Fruit Tree Selection & Pruning Mexican Sage

Question:

I live on a hillside and wish to plant a Plum and Peach tree. I am a bit confused on what variety is best to plant and I also have a height restriction problem. Would dwarf trees be an option? 

Answer:

  • Dwarf fruit trees are definitely an option.
  • A standard fruit tree grows twenty to twenty-five feet high.  Any fruit tree that grows shorter is classified as a dwarf tree.  A semi-dwarf fruit tree grows twelve to eighteen feet tall but for many yards it ís too big. There are genetic dwarf peaches, growing six to eight feet tall.
  • So, the real question is how dwarf is dwarf to avoid the height restriction problem?
  • You can also control the height of a tree by pruning.  This is best done with new or young trees. You would develop the lower branches, the ones near the ground as the scaffolding branches. You’ll never be able to walk under these trees but you will be able to reduce the height by several feet.
    • I donít believe that this should be a concern since your trees are to be planted on a hill.  Another benefit is that the harvesting of the fruit is easier since itís closer to the ground. As far as which variety to plant, you have many excellent varieties to select from. 
  • Now is a good time to select varieties as the new shipment of fruit trees are arriving at your favorite garden center. The nursery professional is a good resource for which variety to plant in your location.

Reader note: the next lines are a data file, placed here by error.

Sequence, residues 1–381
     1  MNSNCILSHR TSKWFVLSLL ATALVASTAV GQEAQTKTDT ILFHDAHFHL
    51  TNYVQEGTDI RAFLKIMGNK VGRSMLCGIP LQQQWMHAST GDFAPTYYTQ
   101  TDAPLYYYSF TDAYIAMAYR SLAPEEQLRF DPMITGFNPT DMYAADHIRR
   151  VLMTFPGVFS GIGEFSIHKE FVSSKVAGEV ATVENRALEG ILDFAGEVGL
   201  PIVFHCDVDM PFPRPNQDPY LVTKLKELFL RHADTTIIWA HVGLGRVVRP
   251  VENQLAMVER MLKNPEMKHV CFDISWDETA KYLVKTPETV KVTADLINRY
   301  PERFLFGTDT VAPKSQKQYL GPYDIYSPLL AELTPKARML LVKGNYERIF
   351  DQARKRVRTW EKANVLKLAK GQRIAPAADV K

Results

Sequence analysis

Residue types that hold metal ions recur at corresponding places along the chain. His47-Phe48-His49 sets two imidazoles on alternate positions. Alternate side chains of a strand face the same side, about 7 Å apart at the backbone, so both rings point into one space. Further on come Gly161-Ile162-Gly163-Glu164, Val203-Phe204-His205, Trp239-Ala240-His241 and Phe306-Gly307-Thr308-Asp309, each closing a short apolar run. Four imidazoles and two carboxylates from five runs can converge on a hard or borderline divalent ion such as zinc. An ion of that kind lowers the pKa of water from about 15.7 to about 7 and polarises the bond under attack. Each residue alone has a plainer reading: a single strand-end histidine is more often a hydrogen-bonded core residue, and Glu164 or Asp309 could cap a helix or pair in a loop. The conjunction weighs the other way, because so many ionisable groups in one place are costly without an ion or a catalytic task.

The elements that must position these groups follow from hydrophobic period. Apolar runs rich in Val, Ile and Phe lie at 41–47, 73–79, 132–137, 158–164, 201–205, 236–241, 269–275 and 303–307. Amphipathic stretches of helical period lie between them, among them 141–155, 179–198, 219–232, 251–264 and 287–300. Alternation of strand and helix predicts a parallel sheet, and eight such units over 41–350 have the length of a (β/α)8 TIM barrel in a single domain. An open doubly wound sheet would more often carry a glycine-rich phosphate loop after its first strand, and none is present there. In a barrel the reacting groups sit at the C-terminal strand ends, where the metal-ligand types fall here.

• Also keep in mind that there is no difference between the fruit harvested off a dwarf or standard fruit tree of the same name. You first need to establish the height parameters and then select the varieties.  

Question:

I'm wondering how to prune or shape the six to seven foot high Mexican Sage plants in my front yard.  They are about five years old and in varying sizes, heights and widths. I'd like to maintain them year round as they provide a colorful, feeding environment for Hummingbirds.

Answer:

  • Mexican Sage produces all of its new growth from the base of the plant. You will see little branching off the existing stems.
  • You control the width by pruning off the unwanted side growth at the ground. There is not much you can do to even off the plants heights.  Mexican Sage blooms on the terminal end of each shoot. If you where to prune these, you would remove the flowers before they open, you also defeat your purpose of having a food source for the Hummingbirds.
  • You can prune the plants now; however, Iíd wait until mid February when the days are longer and warmer. You must live in a mild winter area for them to stay evergreen. 
  • Most of the Mexican Sage in the Bay Area turns brown with the winter cold.  In either case, they are pruned at the same time. To encourage the new growth, I would feed your plants in late March with an organic All Puporse fertilizer.